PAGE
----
Selling my soul to the devil

Last week I’ve chosen to enroll “The Shadow of Black Wings” to Amazon’s KDP Select program. Now, there is some controversy among the indie community as to whether this is the right thing to do for an author. It supports Amazon’s monopoly, they say. It limits your marketing and distribution opportunities. It doesn’t work as well as it used to.

These are all good and valid reasons, but here are my equally compelling reasons to join the program:

1) Other platforms weren’t worth the effort.

Over the last two months, all my non-Kindle sales combined amounted to less than 5% of Amazon sales. Now admittedly, I’ve based most of my marketing efforts on, but that’s part of the problem: with all the hard work involved in writing, marketing and social networking, I just couldn’t focus on other platforms. Every time I had to change something in the manuscript or product description, I had to do it on several websites. Every time I wanted to advertise, I had to post several links. This might have worked if the sales weren’t so poor on those other channels, but the way it was going, it just wasn’t worth it.

This might have been a self-fulfilling prophecy of sorts: focus on Amazon, and only Amazon will bring profit. But  as a fresh starter, I really needed to focus on something. Establishing a reader base is a difficult enough process as it is. Some more experienced authors reported that releasing their books on Kobo was, for them, a worthwhile investment – but they took their already made fan bases to Kobo with them. I don’t have that – yet.

2) A part of the series may have a greater chance than a standalone.

Select and free promos may not be working that well anymore for standalone works, but “The Shadow of Black Wings” is just volume one of a greater series. My reasoning is simple: give the first one free, and hope they will come for the rest. It works for everything else, so why not for books? 🙂

This part is the greatest gamble I’m undertaking. Will anyone want to continue reading the series after getting the first book for free, or will the Select promotions just take a huge bite out of my potential readership – and leave me with nothing to show for it? We’ll see…

3) It’s only three months.

In the end, if nothing works, it’s just 90 days – and then I can change my mind. That’s not much. The Select enrolment period for Transmission is almost over, and it feels like it’s been yesterday that I’ve reached #1 on UK bestseller list for sci-fi anthologies.

With luck, in three months I may be in a better position than I am now. I may have people actively looking for me on other platforms, disappointed that I’m not there. There may be other opportunities showing up – when I started out in June, Kobo Books was just a rumour; who knows what will happen between now and December?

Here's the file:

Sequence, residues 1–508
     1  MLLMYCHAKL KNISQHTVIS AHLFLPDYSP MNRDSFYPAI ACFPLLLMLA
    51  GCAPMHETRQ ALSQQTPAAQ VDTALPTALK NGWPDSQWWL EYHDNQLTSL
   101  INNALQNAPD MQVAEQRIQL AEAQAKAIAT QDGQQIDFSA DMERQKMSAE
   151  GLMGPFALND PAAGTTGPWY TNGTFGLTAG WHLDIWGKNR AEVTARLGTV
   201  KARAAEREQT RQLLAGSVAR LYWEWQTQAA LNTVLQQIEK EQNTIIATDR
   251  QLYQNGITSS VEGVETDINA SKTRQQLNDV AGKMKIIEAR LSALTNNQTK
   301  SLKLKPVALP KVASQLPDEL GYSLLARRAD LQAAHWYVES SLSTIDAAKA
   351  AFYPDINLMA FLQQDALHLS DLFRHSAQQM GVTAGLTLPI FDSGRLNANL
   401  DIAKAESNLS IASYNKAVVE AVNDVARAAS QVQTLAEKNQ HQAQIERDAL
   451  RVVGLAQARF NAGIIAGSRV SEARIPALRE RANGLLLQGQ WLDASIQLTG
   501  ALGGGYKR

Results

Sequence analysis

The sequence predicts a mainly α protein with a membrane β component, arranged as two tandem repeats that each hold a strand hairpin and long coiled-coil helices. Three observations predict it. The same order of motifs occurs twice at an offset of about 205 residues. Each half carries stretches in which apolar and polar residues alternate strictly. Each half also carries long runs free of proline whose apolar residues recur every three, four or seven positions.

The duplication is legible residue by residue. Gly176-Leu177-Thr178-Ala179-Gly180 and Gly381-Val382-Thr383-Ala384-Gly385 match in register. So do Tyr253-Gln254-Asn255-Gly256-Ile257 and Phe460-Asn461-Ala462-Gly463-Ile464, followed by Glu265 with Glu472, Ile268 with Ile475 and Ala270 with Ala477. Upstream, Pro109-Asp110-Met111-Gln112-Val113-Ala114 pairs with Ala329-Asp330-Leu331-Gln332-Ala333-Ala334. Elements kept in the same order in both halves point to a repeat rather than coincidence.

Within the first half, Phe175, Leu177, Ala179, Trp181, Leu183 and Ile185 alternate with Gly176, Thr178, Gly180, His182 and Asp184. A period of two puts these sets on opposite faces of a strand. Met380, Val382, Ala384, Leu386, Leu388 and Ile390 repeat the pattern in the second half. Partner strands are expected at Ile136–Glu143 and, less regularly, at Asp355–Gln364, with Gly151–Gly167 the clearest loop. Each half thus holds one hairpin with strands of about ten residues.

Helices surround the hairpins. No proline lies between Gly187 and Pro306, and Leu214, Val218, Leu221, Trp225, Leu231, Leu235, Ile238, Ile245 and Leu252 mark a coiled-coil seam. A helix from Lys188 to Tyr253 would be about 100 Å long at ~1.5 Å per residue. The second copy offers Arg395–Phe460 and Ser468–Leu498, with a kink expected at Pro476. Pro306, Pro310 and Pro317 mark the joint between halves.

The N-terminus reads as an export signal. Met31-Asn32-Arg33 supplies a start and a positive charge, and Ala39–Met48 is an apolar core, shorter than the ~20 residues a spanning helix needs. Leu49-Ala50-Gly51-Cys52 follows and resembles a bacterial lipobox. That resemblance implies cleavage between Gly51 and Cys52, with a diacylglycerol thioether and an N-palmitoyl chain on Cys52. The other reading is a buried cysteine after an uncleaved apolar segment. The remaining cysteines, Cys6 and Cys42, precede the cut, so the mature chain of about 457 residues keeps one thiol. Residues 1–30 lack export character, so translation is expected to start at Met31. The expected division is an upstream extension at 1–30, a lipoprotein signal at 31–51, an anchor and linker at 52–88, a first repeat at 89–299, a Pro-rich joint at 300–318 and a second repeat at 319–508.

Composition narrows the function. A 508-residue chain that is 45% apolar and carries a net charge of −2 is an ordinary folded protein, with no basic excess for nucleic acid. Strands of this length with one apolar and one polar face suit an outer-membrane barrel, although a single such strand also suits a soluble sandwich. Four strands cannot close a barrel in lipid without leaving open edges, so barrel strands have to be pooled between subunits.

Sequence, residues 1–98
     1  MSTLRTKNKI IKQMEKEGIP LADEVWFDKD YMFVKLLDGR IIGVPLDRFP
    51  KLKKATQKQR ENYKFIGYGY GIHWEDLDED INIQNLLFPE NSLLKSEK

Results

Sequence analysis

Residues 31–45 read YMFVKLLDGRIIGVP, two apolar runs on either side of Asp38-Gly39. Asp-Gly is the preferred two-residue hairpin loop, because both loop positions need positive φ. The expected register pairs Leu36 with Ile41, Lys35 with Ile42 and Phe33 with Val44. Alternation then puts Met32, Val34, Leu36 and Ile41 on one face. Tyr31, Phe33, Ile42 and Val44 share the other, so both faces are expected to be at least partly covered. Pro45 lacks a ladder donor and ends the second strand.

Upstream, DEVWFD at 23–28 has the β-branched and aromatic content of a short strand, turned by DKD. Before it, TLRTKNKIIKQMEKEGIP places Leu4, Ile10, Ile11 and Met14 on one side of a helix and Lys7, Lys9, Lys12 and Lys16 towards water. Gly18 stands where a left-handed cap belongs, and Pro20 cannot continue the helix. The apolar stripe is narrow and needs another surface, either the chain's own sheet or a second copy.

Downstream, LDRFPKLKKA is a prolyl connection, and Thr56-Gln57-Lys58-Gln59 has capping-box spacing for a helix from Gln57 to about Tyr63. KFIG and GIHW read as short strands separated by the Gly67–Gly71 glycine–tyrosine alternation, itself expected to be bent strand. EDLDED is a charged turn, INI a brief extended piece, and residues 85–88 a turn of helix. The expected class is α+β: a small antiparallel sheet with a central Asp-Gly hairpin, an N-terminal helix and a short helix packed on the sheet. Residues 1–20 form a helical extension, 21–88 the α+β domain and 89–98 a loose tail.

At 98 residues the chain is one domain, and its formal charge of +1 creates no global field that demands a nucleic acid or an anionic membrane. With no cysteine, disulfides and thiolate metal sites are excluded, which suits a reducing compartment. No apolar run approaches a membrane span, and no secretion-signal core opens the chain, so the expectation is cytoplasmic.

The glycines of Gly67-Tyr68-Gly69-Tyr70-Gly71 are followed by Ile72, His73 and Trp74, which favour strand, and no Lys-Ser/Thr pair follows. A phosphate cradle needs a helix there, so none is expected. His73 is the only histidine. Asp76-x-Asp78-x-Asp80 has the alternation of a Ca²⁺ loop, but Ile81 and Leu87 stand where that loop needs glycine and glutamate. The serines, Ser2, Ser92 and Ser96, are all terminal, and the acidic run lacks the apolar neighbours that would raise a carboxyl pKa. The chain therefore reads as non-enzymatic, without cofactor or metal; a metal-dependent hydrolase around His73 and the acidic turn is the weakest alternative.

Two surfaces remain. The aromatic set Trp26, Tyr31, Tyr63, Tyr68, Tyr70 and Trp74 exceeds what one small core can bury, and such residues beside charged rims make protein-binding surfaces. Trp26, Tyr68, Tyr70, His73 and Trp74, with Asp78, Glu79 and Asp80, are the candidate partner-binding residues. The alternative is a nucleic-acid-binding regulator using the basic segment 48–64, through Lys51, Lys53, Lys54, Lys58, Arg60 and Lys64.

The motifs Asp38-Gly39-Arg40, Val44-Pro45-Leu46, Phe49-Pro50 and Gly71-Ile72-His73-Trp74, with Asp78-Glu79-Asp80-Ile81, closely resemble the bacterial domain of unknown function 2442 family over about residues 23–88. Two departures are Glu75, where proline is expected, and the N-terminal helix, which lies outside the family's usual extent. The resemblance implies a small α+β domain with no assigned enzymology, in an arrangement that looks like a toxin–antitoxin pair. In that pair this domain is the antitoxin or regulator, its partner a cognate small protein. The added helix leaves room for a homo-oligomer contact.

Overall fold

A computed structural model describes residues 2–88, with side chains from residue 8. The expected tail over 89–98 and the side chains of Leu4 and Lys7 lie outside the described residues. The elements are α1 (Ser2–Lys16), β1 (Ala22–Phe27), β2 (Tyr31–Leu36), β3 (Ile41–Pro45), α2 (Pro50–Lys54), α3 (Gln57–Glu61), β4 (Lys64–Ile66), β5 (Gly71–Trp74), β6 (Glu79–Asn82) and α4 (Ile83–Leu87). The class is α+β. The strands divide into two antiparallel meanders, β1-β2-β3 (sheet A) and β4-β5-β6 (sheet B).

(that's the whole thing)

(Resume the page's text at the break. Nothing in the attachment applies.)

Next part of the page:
But until then, “The Shadow of Black Wings” is exclusive to Amazon, and free to loan for all Amazon Prime members. Stay tuned for further announcements 🙂

3 thoughts on “Selling my soul to the devil

  1. My experience is that it is still worthwhile to do it for the first book of a series. But with a caveat. On your free day, if you don’t look like you’re going to do at least 2000 downloads, cancel the promo. If you don’t get at least that many downloads on day one, it won’t benefit you at all and could actually harm your rankings, as when you go back to paid there won’t be sufficient free units to move you higher, and you might slip due to no sales. So it’s a crapshoot. How lucky do you feel? Think you can make it into the top, say, 40? If so you’ll see a bump on sales, and some nice follow on sales for the other books in the series. If not? Not so much.

    My feeling is that the program is still worth it if you have a large backlist. I now have 15 books out, 13 of which are paid, so it makes sense to roll the dice on maybe 5 or 6 of the titles in any given 90 day period. I’m not sure how I would feel about it if I only had one or two…or three. In the end there is no right or wrong answer, but the odds have gotten far greater against a free promo having a measurable effect on sales. Phoebe Sullivan just did a good blog detailing her actual sales results on a slew of titles, some of which had massive downloads, and the data is…so-so. I recommend reading it, though, for a good indication of how things seem to be going.

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